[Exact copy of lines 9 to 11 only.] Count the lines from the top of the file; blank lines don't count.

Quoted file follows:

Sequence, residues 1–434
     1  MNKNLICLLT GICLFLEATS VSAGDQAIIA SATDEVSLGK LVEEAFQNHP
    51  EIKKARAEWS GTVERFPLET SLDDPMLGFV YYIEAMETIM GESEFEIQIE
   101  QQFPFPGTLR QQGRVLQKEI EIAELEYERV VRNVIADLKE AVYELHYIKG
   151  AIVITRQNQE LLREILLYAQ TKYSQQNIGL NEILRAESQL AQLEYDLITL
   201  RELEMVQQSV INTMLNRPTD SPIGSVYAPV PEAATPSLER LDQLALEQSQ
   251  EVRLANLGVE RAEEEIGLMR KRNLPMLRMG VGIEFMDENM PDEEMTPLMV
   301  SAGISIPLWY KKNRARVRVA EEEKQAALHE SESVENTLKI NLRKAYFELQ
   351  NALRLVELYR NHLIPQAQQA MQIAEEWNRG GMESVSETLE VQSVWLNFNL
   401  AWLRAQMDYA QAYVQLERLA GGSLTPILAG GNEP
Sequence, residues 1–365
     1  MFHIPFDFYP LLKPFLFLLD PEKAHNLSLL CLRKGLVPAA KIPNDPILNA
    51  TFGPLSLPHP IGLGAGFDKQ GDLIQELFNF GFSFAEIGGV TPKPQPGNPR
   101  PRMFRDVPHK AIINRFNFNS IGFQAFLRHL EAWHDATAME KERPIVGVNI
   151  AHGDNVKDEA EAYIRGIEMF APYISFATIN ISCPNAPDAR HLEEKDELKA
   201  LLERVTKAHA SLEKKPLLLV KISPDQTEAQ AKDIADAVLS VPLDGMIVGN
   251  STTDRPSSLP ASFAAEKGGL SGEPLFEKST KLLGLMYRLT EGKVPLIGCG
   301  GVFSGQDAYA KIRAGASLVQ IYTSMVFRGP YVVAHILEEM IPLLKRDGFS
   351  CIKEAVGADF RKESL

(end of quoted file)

   351  NALRLVELYR NHLIPQAQQA MQIAEEWNRG GMESVSETLE VQSVWLNFNL
   401  AWLRAQMDYA QAYVQLERLA GGSLTPILAG GNEP
Sequence, residues 1–365